she
she
wiped
wiped
the
the
crumbs
crumbs
off
off
the
the
table
table
‘She wiped the crumbs off the table.’
WIPE a Coding frame:
1-nom > V.subj[1] > 2-acc > LOC3
(172)
She wiped the table.
she
she
wiped
wiped
the
the
table
table
‘She wiped the table.’
WIPE an Alternation:
Locative
(173)
He wiped his {eyes/face/hands}.
he
he
wiped
wiped
his
his
{eyes/face/hands}
{eyes/face/hands}
‘He wiped his eyes/face/hands.’
WIPE an Alternation:
Locative
(174)
He wiped the tears from his eyes.
he
he
wiped
wiped
the
the
tears
tears
from
from
his
his
eyes
eyes
‘He wiped the tears from his eyes.’
WIPE a Coding frame:
1-nom > V.subj[1] > 2-acc > LOC3
(175)
She was digging in the garden.
she
she
was
was
digging
digging
in
in
the
the
garden
garden
‘She was digging in the garden.’
DIG a Coding frame:
1-nom > V.subj[1]
(176)
She was digging for potatoes.
she
she
was
was
digging
digging
for
for
potatoes
potatoes
‘She was digging for potatoes.’
DIG the Verb form dig
(177)
He dug a hole.
he
he
dug
dug
a
a
hole
hole
‘He dug a hole.’
DIG an Alternation:
Cognate Object
(178)
She's digging a new garden bed.
she
she
is
is
digging
digging
a
a
new
new
garden
garden
bed
bed
‘She's digging a new garden bed.’
DIG an Alternation:
Cognate Object
(179)
They dug through the top layer of sediment.
they
they
dug
dug
through
through
the
the
top
top
layer
layer
of
of
sediment
sediment
‘They dug through the top layer of sediment.’
DIG the Verb form dig
(180)
They dug their way out (of the wreckage).
they
they
dug
dug
their
their
way
way
out
out
(of
(of
the
the
wreckage)
wreckage)
‘They dug their way out (of the wreckage).’
DIG an Alternation:
Way-construction
(181)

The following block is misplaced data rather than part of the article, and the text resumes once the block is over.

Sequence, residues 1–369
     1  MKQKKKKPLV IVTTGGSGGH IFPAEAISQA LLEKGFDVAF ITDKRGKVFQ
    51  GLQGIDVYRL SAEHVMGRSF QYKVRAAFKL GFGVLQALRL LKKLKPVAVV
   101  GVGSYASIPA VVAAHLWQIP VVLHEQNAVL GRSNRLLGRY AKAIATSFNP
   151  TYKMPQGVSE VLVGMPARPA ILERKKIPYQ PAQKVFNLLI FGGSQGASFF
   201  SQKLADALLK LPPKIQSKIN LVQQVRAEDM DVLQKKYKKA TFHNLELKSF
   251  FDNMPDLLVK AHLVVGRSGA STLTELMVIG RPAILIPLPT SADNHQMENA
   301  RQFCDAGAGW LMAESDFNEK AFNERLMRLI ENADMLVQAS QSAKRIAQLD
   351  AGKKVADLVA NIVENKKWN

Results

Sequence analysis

She dug a lot of potatoes yesterday.
she
she
dug
dug
a
a
lot
lot
of
of
potatoes
potatoes
yesterday
yesterday
‘She dug a lot of potatoes yesterday.’
DIG the Verb form dig
(182)
He pushed her into the water.
he
he
pushed
pushed
her
her
into
into
the
the
water
water
‘He pushed her into the water.’
PUSH a Coding frame:
1-nom > V.subj[1] > 2-acc > LOC3
(183)
They managed to push it down the driveway and onto the street.
they
they
managed
managed
to
to
push
push
it
it
down
down
the
the
driveway
driveway
and
and
onto
onto
the
the
street
street
‘They managed to push it down the driveway and onto the street.’
PUSH a Coding frame:
1-nom > V.subj[1] > 2-acc > LOC3
(184)
I tried to push him over but he was too strong.
I
I
tried
tried
to
to
push
push
him
him
over
over
but
but
he
he
was
was
too
too
strong
strong
‘I tried to push him over but he was too strong.’
PUSH the Verb form push
(185)
I pushed against the door.
I
I
pushed
pushed
against
against
the
the
door
door
‘I pushed against the door.’
PUSH the Verb form push
(186)
I pushed through the crowd.
I
I
pushed
pushed
through
through
the
the
crowd
crowd
‘I pushed through the crowd.’
PUSH the Verb form push
(187)
I pushed my way through the crowd.
I
I
pushed
pushed
my
my
way
way
through
through
the
the
crowd
crowd
‘I pushed my way through the crowd.’
PUSH an Alternation:
Way-construction
(188)
The women ground the seeds with a mortar and pestle.
the
the
women
women
ground
ground
the
the
seeds
seeds
with
with
a
a
mortar
mortar
and
and
pestle
pestle
‘The women ground the seeds with a mortar and pestle.’
GRIND a Coding frame:
1-nom > V.subj[1] > 2-acc ( > with+3)
(189)
He ground it into flour.
he
he
ground
ground
it
it
into
into
flour
flour
‘He ground it into flour.’
GRIND an Alternation:
Into-Resultative
(190)
She ground her hips against him.
she
she
ground
ground
her
her
hips
hips
against
against
him
him
‘She ground her hips against him.’
GRIND the Verb form grind
(191)
He ground his knee into my back.
he
he
ground
ground
his
his
knee
knee
into
into
my
my
back
back
‘He ground his knee into my back.’
GRIND the Verb form grind
(192)
The men cooked the meat.